But they are still in a tough, competitive world. And the issue is that you have to think of labor in the auto industry as a worldwide commodity, if you will, that you can source labor from the Midwest where these companies traditionally have done most of their manufacturing. You can source it from the south where there are ununionized plants, both Japanese and other countries, that where the workers get paid 1/2 or 2/3 of what they get paid around the Midwest area. You can source it in Mexico where workers get paid as little as $9 a day and by all accounts are very, very productive.

And that's the problem these companies face. And it's not it's not a pretty picture. And I don't take any joy in it. I take a lot of unhappiness about the situation, but this is the world we're living in, and we have no choice but to try to be competitive, which means holding down costs, unfortunately, including those of labor.

- And Steve, final question. I'm interested, just to pull back the lens here. Of course, we see big labor on the move here. It's not just the UAW. Hollywood actors and writers, UPS workers, airline pilots. The pendulum seems to be swinging here a bit, Steve, back to labor. I'm interested to get your take on that. Why you think that is. What explains that dynamic, and what you think it means for companies across different sectors and industries in terms of their labor expenses and their profit margins going forward.

STEVE RATTNER: Look, I think that's probably a good thing. I think that the power of labor has been circumscribed for 40 years, going back to Ronald Reagan and the air traffic controllers. And that has had consequences for all American workers who have not seen their share of the pie go up commensurately with the share that's gone to corporate profits.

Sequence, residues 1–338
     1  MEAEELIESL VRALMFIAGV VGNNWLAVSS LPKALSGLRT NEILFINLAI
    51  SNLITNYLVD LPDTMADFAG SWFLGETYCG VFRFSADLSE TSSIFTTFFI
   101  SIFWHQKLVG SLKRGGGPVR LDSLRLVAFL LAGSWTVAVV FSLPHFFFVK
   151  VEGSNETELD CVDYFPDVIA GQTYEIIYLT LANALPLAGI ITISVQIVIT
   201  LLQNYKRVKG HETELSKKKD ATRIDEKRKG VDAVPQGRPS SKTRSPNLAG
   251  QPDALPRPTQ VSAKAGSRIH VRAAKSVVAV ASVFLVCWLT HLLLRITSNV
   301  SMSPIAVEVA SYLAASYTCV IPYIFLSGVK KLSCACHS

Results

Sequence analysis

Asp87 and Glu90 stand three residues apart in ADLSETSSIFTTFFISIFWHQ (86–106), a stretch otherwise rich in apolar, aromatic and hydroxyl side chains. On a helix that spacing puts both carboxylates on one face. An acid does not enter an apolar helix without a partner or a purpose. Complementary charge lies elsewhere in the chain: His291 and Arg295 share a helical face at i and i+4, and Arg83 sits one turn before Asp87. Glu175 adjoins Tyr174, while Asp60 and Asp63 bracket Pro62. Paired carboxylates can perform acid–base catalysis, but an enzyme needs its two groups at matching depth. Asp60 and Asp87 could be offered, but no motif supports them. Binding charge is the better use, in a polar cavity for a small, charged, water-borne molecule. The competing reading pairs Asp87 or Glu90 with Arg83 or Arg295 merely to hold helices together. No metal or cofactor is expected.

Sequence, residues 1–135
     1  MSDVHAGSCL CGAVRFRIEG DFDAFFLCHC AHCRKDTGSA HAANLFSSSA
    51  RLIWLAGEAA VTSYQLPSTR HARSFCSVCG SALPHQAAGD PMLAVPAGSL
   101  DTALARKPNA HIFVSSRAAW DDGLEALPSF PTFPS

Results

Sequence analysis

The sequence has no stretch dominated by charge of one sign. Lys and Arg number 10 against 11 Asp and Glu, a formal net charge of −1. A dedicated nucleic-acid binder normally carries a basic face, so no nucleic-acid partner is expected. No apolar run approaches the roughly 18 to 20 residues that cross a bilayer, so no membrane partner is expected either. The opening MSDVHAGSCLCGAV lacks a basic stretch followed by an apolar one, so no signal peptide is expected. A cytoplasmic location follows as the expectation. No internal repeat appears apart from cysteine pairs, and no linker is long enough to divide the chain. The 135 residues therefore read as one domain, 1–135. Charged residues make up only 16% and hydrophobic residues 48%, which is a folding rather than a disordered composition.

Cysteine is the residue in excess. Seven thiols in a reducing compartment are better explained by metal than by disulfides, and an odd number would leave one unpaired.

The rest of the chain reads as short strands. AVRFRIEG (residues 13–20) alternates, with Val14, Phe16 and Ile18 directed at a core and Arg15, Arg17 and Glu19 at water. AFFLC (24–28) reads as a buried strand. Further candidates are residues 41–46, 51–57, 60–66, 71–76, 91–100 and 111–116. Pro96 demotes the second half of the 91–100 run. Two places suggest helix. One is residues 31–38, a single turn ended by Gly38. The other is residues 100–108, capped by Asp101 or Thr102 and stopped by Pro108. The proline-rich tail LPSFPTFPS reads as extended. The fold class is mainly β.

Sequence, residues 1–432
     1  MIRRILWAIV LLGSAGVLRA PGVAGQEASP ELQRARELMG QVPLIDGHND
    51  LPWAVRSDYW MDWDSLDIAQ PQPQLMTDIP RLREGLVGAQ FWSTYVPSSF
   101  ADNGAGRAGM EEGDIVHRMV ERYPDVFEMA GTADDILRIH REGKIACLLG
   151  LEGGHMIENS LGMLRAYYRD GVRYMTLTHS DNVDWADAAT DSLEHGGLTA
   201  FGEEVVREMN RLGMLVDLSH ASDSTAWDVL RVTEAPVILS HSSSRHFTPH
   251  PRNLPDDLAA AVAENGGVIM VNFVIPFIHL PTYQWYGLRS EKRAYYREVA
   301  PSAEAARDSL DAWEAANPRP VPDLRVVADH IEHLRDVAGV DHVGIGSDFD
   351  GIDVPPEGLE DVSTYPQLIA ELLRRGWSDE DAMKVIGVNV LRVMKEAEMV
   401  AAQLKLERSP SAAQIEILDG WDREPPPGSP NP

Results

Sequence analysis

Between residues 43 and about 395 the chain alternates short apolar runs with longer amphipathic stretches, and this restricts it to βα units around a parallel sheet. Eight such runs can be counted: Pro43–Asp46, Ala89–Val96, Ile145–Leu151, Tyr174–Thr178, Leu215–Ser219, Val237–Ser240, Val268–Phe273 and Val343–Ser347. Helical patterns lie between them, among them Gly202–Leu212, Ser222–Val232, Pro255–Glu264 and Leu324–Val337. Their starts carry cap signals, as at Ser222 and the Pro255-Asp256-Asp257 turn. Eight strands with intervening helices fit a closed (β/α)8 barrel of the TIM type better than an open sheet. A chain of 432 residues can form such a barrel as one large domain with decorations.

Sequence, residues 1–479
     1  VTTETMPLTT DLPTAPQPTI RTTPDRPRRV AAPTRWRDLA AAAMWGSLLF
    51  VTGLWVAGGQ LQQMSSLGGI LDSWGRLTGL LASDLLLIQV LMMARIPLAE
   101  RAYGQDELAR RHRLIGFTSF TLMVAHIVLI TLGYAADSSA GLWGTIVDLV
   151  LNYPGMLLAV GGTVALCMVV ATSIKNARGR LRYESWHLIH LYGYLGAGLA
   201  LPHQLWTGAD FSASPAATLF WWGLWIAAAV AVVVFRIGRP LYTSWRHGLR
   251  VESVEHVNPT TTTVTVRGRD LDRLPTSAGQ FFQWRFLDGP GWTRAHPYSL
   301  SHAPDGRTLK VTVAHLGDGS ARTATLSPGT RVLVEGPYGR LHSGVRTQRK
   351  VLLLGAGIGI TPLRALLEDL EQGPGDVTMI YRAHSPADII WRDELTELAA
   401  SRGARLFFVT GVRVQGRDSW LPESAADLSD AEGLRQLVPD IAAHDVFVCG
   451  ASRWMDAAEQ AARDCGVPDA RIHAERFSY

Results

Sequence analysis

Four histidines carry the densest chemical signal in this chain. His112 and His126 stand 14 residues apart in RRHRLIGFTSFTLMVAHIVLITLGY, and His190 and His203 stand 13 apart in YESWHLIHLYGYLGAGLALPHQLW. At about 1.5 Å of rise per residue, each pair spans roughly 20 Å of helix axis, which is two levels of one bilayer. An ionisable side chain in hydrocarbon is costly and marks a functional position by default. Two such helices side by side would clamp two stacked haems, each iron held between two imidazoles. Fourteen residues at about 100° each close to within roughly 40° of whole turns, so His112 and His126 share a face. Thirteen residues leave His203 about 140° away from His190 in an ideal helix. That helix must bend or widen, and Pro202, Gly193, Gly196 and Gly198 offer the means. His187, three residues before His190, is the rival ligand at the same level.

And so if you look at the economy broadly, that is definitely developed now over several decades, as I said, that is not welcome. It's come back up today because we have a 3.8% unemployment rate. There's still 1 and 1/2 open jobs for every American looking for one. And so the supply and demand of labor, just to get back to economics 101 stuff, has swung in favor of the workers, and they're now starting to use that ability. And I'm all in favor of it.

But you have to make a distinction between service industries, you mentioned the screenwriters, for example, and a manufacturing worker. Whether the screenwriters get paid more or less, or the LA hotel workers are on strike at the moment, I believe, get paid more or less, doesn't really change the competitive situation. Those workers have to be sourced locally. If they get paid more, it comes to some degree out of corporate profits. To some degree, probably prices go up a bit. But that's all fine that is simply redressing the imbalances that have occurred.

When you get to manufacturing, which for better or worse, is now a relatively small 10%, 15% of our economy, that's where you get back to this global competition phenomenon that I just described. Where if you pay those workers more, it's going to simply eventually mean-- if you pay them much more, they should get paid more. But if you pay them a huge amount more, it's going to simply result in jobs moving.

When we took over, we got involved with the auto companies in 2009, the number of auto workers in Mexico had just about reached the number of auto workers in the US. Today, there are substantially more auto workers in Mexico than in the US. And that's not an accident. It's not a coincidence. And there's not much you can do about it except to try to find a reasonable balance between having these workers get paid a living wage, a fair wage, but also the companies being able to compete against companies elsewhere in the world that have lower labor costs.

- Steve Rattner, thank you so much for your time today. It was great insight. We appreciate it.

STEVE RATTNER: Thank you, guys.